Further, Hollywood cinema, which is centered and based on the narrative, offers a single viewing position to the audience. The responsibility of the audience is to enjoy the plot offered by the realist film. The pleasures are around the narrative: in seeing the actors enacting the narrative, the use of special effects, the use of sound, etc. all aiming to present the narrative as realistically as possible. Whereas, Indian cinema, which is heterogeneous in form and production, offers multiple viewing positions to the audience. Though narrative is enjoyed by the audience, there are other aspects of the film like songs, dance, fights, comedy track, star gazing, etc. which exist on their own, independent of narrative. It is a common fact that people often go to watch an Indian film to see their favourite star, or to enjoy the fights and songs, etc. The various film assessments which are shown on television as propaganda for the films stand in evidence of the above point. We see audience coming out of the theatre commenting on the film. Some say the songs are wonderful, some say the story is very gripping, some the acting of a particular hero or heroine is brilliant. The other glaring evidence to assert my point of multiple viewing positions in Indian cinema is the predominantly stereotypical stories. On the other hand we see a lot variety in Hollywood cinema plots. Furthermore, the music industry which mainly survives on film songs also adds strength to the argument. Thus, it is distinct that Hollywood cinema which has narrative centrality offers a single viewing position, whereas Indian cinema offers multiple viewing positions. The single viewing position Hollywood cinema offers, with its eroticism and cultural conventions surrounding the look and the realist form of it, enables one to talk and theorize about gaze and spectator(ship) which are singular. On the other hand, multiple viewing positions in Indian cinema, cultural conventions surrounding the look in India and the melodramatic form of Indian cinema, expose the inadequacies of classical film theory and challenge the unproblematic use of film theory concepts in analyzing Indian cinema. More importantly, I would stress the need for developing separate analytical tools on the part of Indian film studies before claiming a theoretical status as ‘Indian film theory’.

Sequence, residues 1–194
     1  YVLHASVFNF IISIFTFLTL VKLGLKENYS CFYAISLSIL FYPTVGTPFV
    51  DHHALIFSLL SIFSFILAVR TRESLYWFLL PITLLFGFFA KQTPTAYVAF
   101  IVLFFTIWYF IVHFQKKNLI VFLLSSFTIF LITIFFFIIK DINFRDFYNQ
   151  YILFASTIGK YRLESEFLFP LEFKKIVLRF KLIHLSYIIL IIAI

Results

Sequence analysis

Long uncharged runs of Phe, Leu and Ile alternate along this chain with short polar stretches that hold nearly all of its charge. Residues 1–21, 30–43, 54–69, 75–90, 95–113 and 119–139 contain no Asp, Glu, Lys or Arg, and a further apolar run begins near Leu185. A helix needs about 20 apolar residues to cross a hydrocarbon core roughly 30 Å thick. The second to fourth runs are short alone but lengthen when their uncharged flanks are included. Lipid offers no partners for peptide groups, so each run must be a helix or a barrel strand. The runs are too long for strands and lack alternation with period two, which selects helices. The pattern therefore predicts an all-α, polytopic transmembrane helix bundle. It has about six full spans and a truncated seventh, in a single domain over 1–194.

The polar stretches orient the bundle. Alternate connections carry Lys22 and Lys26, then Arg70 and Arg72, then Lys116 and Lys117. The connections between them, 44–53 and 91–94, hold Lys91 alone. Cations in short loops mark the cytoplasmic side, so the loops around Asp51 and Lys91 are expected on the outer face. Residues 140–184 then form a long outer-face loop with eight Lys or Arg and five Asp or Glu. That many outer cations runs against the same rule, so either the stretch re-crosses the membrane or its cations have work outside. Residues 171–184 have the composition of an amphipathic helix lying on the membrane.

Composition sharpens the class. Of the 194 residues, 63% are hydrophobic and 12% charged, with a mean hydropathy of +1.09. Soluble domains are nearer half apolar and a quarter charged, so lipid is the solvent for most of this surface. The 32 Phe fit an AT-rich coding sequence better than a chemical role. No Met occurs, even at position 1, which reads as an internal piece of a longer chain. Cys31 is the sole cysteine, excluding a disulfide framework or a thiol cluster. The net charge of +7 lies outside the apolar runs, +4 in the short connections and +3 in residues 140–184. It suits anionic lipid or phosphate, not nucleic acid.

The paper sets out to rethink spectator(ship) and (male) gaze in the Indian cinema context. It briefly locates the origin of these concepts in the western context and the contradictions within itself using Mulvey, Mayne and Stacey’s work. Further, it proceeds to locate the emergence of film studies in India and the enigma Indian cinema poses to classical film theory. I use Niranjana’s article on Vijayasanthi films to give an instance of the problems Indian cinema poses to classical film theory other than the existing contradictions within it. The paper specifically deals with (male) gaze and spectator(ship), to show how these categories cannot be used to discuss Indian cinema and ends asserting the need for developing analytical tools to deal with the ‘peculiarities’ of Indian cinema.

I should make it clear that the attempt is not to “reduce the specificity of Indian or any other distinct national cinema to a matter of pure cultural difference” though it must be considered in some cases. The paper also does not proclaim “the difference of Indian cinema as an obvious and absolute fact in itself” (6). The attempt was to expose the shortcomings of classical film theory in talking of Hollywood cinema and more importantly of Indian cinema. I am aware of the refinement needed for the various arguments put forward, but it should be read in the light of difficulties new arguments face to take shape.


Works Cited

Bruno, Giuliana. Untitled Entry in Camera Obscura 20/21: 1989.

Cook, Pam. ed. The Cinema Book. London: British Film Institute, 1994.

Doane, Mary Ann. Untitled Entry in Camera Obscura 20/21: 1989. 142-7.

Mayne, Judith. “Paradoxes of Spectatorship” Viewing Positions: Ways of Seeing Film. Ed. Linda Williams. New Brunswick: Rutgers Univ. Press, 1997. 155-183.

Mulvey, Laura. ‘Afterthoughts on ‘Visual Pleasure and Narrative Cinema’ inspired by King Vidor’s Duel in the Sun (1946)’ in Visual and Other Pleasures. Bloomington: Indiana Univ. Press, 1989. 29 - 38.

Mulvey, Laura. “Visual Pleasure and Narrative Cinema” Visual and Other Pleasures. Bloomington: Indiana Univ. Press, 1989. 14 - 26.

Niranjana, Tejaswini. “Vigilantism and the Pleasures of Masquerade: The Female Spectator of Vijayasanthi Films”. City Flicks, Cinema, Urban Worlds & Modernities in India and Beyond. Ed. Preben Kaarsholm. Denmark: Graduate School, International Developmental Studies, Rockslide Univ. 2002. 185-197.

Prasad, Madhava.M Ideology of the Hindi Film: A Historical Construction. Delhi: Oxford University Press, 1998.

Stacey, Jackie. “From the Male Gaze to the Female Spectator”. Star Gazing: Hollywood Cinema and Female Spectatorship. London: Routledge, 1994. 19-79.